Book Review: The Afterlife of Holly Chase

Revised 2/21/23: The HarperCollins strike is over! A new contract has been ratified, and this belated review is now public.

The Afterlife of Holly Chase
Cynthia Hand, 2017

How do I describe this book? For starters, I read it as part of this year's Christmas Carol project, and it's both the farthest from the original and the most respectful of it in a certain light.

Holly is a spoiled, mean, shallow rich kid at 17, when she's subject to her own three-spirits Christmas haunting. Being a modern teenager instead of an elderly gentleman, she declares the whole thing idiotic and ignores it. Then she's hit by a car and dies.

But Holly gets a chance to redeem herself after all, because the Scrooge Project, an odd hybrid of nonprofit corporation and supernatural society, hires a few actual ghosts as part of their team. So Holly becomes the Ghost of Christmas Past.

Every year, the team member with foresight picks a Scrooge - someone who is a bad person but could do a lot of good if they change, who is also fated to die soon if they do not change. The team uses a combination of magic and mundane surveillance and other technology to plan and execute a Christmas Carol experience for that person.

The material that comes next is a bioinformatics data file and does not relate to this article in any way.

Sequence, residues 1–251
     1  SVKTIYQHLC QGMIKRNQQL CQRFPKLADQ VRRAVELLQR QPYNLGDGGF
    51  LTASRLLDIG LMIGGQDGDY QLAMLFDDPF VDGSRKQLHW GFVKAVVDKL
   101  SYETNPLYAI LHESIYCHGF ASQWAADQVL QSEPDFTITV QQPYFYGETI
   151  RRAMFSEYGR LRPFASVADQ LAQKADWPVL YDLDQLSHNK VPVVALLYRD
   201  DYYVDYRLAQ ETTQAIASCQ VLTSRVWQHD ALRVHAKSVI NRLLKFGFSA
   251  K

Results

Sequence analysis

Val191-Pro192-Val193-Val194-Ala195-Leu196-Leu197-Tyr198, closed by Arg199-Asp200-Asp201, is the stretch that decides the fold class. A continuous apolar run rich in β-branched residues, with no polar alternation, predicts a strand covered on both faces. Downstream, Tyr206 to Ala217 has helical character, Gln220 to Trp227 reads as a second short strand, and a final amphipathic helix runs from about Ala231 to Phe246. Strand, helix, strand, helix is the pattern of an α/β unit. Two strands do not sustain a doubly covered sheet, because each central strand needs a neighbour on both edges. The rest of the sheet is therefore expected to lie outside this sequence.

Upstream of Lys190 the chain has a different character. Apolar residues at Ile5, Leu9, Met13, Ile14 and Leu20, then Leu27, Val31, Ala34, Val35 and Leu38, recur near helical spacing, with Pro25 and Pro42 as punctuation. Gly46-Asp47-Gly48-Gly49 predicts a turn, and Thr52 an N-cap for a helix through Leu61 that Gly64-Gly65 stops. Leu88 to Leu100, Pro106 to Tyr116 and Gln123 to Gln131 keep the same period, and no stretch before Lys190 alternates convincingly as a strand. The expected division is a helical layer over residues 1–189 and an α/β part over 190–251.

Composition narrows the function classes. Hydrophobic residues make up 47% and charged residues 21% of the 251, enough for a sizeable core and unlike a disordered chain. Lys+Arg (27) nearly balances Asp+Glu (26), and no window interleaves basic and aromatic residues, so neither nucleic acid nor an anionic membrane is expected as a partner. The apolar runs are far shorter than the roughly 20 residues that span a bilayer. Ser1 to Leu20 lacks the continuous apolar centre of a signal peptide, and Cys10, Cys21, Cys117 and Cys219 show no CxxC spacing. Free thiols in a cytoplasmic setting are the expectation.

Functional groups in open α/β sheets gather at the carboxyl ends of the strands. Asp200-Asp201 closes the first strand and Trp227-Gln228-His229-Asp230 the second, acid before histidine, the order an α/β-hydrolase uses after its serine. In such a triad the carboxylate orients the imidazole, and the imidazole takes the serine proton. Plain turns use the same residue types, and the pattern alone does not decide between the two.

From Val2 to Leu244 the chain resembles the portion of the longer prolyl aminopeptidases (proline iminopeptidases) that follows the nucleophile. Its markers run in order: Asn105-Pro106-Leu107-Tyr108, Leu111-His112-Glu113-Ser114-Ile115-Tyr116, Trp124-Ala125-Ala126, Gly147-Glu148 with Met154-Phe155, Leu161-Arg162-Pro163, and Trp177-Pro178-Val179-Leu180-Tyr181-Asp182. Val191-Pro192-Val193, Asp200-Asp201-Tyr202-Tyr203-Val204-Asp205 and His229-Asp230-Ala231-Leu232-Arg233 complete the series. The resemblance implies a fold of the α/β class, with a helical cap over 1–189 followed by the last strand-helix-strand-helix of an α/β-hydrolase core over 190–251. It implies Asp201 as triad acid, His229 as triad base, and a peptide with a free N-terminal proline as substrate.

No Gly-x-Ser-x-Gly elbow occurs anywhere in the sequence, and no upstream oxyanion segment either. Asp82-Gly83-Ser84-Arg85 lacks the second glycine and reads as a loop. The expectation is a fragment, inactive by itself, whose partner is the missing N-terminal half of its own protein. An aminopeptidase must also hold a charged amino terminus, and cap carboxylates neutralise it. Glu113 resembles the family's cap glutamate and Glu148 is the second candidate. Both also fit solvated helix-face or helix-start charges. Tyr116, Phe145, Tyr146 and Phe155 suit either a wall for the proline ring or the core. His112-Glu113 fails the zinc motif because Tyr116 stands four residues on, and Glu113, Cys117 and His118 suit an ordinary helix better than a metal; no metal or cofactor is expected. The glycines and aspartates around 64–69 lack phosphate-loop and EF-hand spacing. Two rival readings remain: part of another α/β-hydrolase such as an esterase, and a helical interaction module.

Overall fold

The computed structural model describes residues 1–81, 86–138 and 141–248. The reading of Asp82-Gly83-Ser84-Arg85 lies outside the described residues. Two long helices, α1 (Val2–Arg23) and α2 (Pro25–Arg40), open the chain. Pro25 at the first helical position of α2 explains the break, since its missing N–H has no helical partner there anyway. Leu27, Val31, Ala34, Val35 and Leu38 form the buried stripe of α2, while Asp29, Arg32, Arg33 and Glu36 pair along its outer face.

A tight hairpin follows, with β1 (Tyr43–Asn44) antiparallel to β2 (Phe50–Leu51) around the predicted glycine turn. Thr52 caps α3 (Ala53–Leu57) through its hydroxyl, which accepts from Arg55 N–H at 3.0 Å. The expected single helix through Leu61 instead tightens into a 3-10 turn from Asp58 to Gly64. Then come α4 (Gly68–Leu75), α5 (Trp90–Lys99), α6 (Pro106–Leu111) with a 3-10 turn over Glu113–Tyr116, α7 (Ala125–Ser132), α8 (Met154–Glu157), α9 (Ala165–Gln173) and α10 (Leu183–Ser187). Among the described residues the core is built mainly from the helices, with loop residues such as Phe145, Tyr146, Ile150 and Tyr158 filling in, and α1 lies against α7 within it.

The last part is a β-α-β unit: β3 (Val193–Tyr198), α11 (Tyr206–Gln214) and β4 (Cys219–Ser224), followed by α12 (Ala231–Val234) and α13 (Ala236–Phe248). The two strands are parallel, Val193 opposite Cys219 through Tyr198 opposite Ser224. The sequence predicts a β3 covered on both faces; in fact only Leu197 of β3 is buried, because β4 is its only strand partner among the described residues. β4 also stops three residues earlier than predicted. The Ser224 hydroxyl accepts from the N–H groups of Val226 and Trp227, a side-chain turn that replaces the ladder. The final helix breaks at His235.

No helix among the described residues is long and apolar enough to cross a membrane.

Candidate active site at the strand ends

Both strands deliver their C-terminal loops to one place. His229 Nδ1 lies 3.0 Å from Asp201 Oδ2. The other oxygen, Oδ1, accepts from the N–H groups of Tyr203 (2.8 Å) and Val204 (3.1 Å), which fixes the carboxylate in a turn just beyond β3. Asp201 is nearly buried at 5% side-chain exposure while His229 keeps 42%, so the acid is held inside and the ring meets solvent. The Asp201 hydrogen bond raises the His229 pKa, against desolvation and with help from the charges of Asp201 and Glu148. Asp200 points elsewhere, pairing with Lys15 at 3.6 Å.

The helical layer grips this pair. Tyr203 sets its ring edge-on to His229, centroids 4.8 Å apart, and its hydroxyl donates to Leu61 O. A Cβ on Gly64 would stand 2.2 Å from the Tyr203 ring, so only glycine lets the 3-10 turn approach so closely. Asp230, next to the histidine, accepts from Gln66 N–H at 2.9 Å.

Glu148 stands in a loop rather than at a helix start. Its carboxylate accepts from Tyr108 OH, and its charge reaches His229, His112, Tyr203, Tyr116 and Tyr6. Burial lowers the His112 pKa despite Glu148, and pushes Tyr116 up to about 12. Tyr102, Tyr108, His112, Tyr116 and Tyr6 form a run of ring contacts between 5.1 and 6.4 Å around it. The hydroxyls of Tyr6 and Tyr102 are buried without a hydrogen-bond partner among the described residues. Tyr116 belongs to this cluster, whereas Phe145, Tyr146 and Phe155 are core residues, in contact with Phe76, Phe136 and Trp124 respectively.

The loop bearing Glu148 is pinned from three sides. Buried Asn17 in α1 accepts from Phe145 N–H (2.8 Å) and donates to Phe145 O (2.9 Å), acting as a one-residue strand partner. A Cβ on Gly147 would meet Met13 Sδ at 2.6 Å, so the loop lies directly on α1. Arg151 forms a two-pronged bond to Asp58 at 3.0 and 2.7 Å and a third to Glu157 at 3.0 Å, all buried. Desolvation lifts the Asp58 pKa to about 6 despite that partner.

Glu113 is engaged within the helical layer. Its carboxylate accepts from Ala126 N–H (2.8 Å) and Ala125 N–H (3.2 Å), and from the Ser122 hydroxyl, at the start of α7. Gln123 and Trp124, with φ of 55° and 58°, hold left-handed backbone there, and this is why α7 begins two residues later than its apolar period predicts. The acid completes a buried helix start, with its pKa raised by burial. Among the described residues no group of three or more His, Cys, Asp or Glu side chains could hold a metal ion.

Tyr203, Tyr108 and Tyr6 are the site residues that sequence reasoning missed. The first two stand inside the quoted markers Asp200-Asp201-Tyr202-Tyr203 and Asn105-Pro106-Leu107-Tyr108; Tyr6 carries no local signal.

Is this a very silly premise? Yes. It's extremely silly, it has lots of holes in it, and it only gets siller with the complication that the main story picks up when, six years into Holly's undead existence, the chosen Scrooge is a hot rich teenage boy.

But it's also somehow completely charming. Holly's narrative voice is modern and sarcastic without being grating. The supporting cast is full of amusing characters. The way the Project breaks down Christmas Carol into its component parts is amusing for a fan of the story and doubles as a decent bit of literary analysis if you haven't revisited Dickens in a while.

About halfway through I became worried that the story was painting itself into a corner that would have to end in an annoying way, but it actually managed to stick the landing, delivering something appropriate and satisfying that neither betrays the main character's arc nor A Christmas Carol itself. (It does leave some paradox-type questions hanging, but I think that's okay given the alternatives.)

As a fun, sassy, and surprisingly sweet holiday story, I enjoyed this quite a bit.